The United States needs to rethink its approach to early childhood education and care (ECEC) based on the experiences of innovative systems around the world and develop a cohesive system that is high-quality, equitable, sustainable and efficient. This is the principal finding of the groundbreaking study from the National Center on Education and the Economy (NCEE), The Early Advantage. An event to release the study, which featured Caridad Araujo, principal economist at the Inter-American Development Bank, was held in Washington, DC, on May 16.
The study examines how innovative jurisdictions around the world are strategically and inventively designing and implementing early childhood policies and services to advance children’s well-being, and provides policy recommendations to help the U.S. expand the reach, equity and rigor of its early childhood offerings.
5 Pillars to Guide Early Childhood Education and Care
In the new book and centerpiece of the study, The Early Advantage 2: Building Systems That Work for Young Children, world-renowned early childhood researcher Sharon Lynn Kagan, her co-editor Eva Landsberg, and a team of international experts explore the ECEC systems of Australia, England, Finland, Hong Kong, Singapore, and South Korea, extracting essential elements from each of these innovative systems. The study found five common policy “pillars” in each jurisdiction:
- strong policy foundations
- comprehensive services, funding and governance
- knowledgeable and supported teachers and families
- informed, individualized, and continuous pedagogy; and
- data to drive improvement
There are also 15 “building blocks” or system elements that undergird the policy pillars.
These findings point to the “inconvenient truths” about early childhood education and care in the United States, according to Kagan, the Virginia and Leonard Marx Professor of Early Childhood and Family Policy and Director of the National Center for Children and Families at Teachers College, Columbia University. “Our study provides a guide for the U.S. – and countries around the globe – to improve their systems by focusing on the building blocks and pillars that serve as the cornerstones of early childhood education and care in the highest-performing jurisdictions in the world.”
A Blueprint Beyond A One-Size Fits All…
Although the study cautions that there is no one best early childhood system, the researchers identified common elements of the systems being developed by the jurisdictions of study. For example, the study found that these jurisdictions provide a comprehensive array of services for children and families, including prenatal and post-natal care, health care and early childhood education. The jurisdictions also practice “progressive universalism”: they provide resources for all children, but additional resources for those most in need.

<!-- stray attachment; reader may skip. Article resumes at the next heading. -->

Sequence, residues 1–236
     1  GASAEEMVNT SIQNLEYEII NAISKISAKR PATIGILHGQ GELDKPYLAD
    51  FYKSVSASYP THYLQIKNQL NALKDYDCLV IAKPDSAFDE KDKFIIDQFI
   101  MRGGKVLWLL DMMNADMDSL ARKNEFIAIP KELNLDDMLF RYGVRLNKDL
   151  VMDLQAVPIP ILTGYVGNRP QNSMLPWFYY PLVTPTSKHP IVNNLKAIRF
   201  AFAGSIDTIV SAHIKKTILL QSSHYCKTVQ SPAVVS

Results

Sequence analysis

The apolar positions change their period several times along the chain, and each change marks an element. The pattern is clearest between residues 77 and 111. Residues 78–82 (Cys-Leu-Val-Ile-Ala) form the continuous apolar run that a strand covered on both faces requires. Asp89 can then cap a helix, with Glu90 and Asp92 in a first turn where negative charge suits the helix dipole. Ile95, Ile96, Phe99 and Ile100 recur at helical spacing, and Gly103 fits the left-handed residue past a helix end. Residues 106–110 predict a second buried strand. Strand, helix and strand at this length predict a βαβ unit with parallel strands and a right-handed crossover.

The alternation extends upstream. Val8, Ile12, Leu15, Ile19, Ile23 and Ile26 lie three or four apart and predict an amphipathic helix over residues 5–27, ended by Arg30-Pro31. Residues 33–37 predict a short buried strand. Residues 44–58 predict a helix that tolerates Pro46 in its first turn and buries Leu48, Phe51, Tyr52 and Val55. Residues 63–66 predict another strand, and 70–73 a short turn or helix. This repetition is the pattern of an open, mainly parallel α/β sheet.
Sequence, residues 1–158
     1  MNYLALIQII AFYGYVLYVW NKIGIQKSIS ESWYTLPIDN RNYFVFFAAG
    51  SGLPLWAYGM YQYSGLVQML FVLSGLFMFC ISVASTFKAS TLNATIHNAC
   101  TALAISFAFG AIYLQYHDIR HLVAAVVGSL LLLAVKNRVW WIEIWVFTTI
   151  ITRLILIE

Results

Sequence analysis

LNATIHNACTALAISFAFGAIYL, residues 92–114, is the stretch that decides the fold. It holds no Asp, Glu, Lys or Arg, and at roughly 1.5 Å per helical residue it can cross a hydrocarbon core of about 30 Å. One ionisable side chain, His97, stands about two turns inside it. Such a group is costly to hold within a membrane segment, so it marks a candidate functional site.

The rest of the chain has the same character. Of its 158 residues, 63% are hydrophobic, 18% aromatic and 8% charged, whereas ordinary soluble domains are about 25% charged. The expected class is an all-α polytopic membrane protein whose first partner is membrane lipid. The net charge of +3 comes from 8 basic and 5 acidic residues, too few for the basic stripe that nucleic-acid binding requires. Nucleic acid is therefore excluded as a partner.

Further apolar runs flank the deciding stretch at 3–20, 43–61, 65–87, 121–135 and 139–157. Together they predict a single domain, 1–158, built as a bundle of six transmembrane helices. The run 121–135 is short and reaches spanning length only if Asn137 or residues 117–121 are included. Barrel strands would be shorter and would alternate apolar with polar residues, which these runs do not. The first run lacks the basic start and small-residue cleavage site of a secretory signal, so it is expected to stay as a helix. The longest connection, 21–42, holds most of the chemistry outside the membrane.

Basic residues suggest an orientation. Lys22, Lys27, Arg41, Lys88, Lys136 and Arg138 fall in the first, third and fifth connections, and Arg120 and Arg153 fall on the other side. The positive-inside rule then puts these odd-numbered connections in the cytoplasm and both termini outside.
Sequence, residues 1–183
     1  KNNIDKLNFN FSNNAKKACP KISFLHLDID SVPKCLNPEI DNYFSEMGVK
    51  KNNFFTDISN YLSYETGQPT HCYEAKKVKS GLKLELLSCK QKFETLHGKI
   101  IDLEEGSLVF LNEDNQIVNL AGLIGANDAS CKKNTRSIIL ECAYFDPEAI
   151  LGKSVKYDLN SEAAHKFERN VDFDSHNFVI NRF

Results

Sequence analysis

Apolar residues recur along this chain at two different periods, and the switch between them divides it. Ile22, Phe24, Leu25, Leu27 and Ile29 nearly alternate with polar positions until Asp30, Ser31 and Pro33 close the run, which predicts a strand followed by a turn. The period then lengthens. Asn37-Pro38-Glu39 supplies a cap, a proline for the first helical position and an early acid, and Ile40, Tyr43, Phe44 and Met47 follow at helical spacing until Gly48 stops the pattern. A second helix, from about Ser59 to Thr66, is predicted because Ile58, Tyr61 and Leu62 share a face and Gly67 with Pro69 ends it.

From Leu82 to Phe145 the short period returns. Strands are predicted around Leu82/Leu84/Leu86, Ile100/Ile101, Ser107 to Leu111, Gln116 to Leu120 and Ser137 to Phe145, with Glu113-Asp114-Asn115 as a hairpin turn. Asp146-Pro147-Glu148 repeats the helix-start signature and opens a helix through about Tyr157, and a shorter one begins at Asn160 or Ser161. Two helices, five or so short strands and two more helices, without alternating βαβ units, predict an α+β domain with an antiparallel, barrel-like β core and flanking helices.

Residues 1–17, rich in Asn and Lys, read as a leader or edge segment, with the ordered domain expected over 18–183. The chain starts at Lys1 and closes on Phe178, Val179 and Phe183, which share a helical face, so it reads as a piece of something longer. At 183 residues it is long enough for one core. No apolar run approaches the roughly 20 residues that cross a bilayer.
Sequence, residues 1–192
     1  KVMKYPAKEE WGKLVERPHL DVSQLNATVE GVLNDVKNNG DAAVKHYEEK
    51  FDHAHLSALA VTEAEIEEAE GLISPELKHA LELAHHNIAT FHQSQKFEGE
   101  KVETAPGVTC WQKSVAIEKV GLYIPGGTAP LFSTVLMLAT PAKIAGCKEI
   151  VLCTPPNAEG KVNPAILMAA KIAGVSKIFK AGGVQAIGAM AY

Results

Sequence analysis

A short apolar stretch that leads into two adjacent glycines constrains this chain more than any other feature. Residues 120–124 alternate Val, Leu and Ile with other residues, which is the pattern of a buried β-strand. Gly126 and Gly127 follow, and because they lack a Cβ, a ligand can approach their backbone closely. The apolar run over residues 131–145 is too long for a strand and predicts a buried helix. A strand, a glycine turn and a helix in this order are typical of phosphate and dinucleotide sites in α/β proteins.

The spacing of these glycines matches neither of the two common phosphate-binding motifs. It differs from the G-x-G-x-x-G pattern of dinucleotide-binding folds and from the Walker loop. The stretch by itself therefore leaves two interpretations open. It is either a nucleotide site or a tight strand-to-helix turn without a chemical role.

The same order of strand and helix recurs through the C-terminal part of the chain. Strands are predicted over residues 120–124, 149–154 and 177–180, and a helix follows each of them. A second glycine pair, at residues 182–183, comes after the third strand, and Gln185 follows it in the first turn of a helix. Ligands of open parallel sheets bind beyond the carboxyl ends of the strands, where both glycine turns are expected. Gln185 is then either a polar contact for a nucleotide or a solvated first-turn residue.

In addition, they provide national frameworks for early childhood education that guide services for all programs, whether they are public or private. And while the pedagogy called for in the frameworks varies, they all are child-centered and play-based.
The study also found that these jurisdictions all place a critical emphasis on developing a strong early childhood workforce, including strategies for innovative professional development and retention. Many have common professional categories for teachers and other staff, and many are moving toward competency-based qualifications.
Moreover, the jurisdictions place a strong emphasis on using data to drive improvement. All collect data to monitor programs, and many rely on inspectors to gather information on program quality. But the purpose of such inspections is program improvement, not program closure. They also make at least some of the program monitoring data public to provide transparency.
The findings of the study suggest some avenues the United States can take to strengthen its early childhood and care system. These include:
- Boldly address the inconvenient truths
- Be realistic about the U.S. context
- Bury the “one best strategy” approach
- Honor synergies to create a system and infrastructure that advances quality, equity, sustainability and efficiency
- Be more inventive about revenue generation and distribution
- Think about engaging both the public and private sectors
- Consider incentivizing quality, equity, sustainability and efficiency
- Focus on bridging policy and program gaps among ECEC services
- Create effective governance structures
- Use policy tools (e.g., frameworks, regulations, professional credentials) to create alignment among and continuity across programs
- Be more inventive about workforce preparation, compensation and deployment
- Create common levels and titles for the workforce that transcend states and programs
- Tie compensation to competence
- Deploy personnel flexibly
- Create a national curricular framework that focuses on quality, equity, sustainability and efficiency
- Focus on quality pedagogy for each and every child
- Incentivize the framework’s adaptation throughout the nation
- Use the framework to inspire improvements in monitoring, financing and professional preparation
- Focus on data for quality improvement
- Build comprehensive data systems that include provisions for the collection and use of data on children, families, programs, personnel and systems
- Foster a national research agenda on ECEC systems and their infrastructure.
Can these findings be applied to Latin American and Caribbean countries in their efforts to strengthen early childhood services? What are the real challenges and possibilities the region faces? Share your insights in the comments or mention @BIDgente on Twitter.
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